The statistics vary depending on the source, but researchers for the Pew Research Center have stated that approximately 40 percent of millennials have at least one tattoo. Another survey taken of people with tattoos said that 12 percent of them have ink that can clearly be seen by co-workers during the workday.
What is the state of visible tattoos in the workplace? Are you likely to be discriminated against during the hiring process if you have a visible tattoo? Are you less likely to be promoted? What aspects of your personal appearance are likely to be noticed during a job interview?
While many companies would not allow visible tattoos in the past, that trend is changing. People from all walks of life are getting tattoos. From the young professional marketing executive who has a pink breast cancer ribbon tattooed on her wrist, to the computer programmer who has the name of his favorite band tattooed on his forearm, tattoos are becoming more common even in typical white-collar industries.
Twenty years ago a person with a tattoo may have struggled to find a white-collar job. Today, it is less likely to be an issue. A recruitment company recently ran a poll of HR managers of professional industries. The survey said that 53.8 percent would hire an employee with a visible tattoo. Many of those HR managers also added that their ability to overlook that tattoo would also depend upon the placement of the tattoo on the body as well as the image chosen. Those with tattoos that may be seen as offensive may have a more difficult time getting a job, according to the survey.
Before inking up, you may want to consider that 46.2 of HR managers may not hire you based on the fact that you have a tattoo. As unfair as that sounds, before getting a tattoo that would be difficult to cover, you may want to think about what industry you are in or plan to enter. It is essential to keep in mind that there are no anti-discrimination laws protecting people who choose to have body art.
Some hiring managers have said that they look at the potential employee’s cleanliness, hygiene, and grooming, but they overlook most tattoos as long as they could not be deemed offensive. Meeting the business’ dress code is also important as well. If you are not hired for a job, or if you did not receive a promotion, the reason may not have to do with the tattoo on your wrist or ankle. You could have been overlooked because you did not dress professionally enough for your client-facing job or you did not have well-manicured fingernails.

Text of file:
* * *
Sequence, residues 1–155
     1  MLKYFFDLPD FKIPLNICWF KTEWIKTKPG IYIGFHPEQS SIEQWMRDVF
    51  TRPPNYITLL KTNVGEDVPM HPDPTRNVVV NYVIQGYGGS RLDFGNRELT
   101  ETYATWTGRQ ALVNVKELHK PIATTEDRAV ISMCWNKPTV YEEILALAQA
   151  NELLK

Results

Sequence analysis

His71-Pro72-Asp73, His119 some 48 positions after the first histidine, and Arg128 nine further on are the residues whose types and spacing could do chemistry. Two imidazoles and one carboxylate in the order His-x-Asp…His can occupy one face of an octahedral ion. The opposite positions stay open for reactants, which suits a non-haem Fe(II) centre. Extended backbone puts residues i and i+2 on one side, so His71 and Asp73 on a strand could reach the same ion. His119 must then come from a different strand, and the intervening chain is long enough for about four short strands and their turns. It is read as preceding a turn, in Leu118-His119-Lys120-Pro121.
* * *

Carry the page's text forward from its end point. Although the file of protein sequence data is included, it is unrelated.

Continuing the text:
Many global chains have been very public about their acceptance of hiring tattooed individuals as public-facing employees. These foreword-thinking companies instead choose employees on their abilities to interact with the public and job experience.
Some tattoo artists warn their clients about getting tattoos on the hands, face, and neck, as these are difficult places to cover with traditional clothing. The number of tattoos that you choose to display may have a bearing on whether or not you get a job. The subject matter is also likely to make a difference in whether you are employable in specific industries or not.
What industries have the largest percentages of tattooed employees? The military has 36%, and 22 percent of those in the ag/ranching industries have tattoos. Twenty percent of people in the hospitality, tourism, and recreation industry have tattoos.
Industries that are not as likely to hire employees with tattoos include the engineering industry, information technology professionals, and government employment. Those who work with children may also face discrimination in the workplace if they choose to have a tattoo.
If you have a tattoo on your hand, neck, or face, there is makeup designed to cover tattoos. You can also search YouTube for tutorials on how to best conceal body art so that the makeup looks as natural as possible.
Hopefully, there will be a time when tattoos in the workplace are as common as earrings or mustaches.
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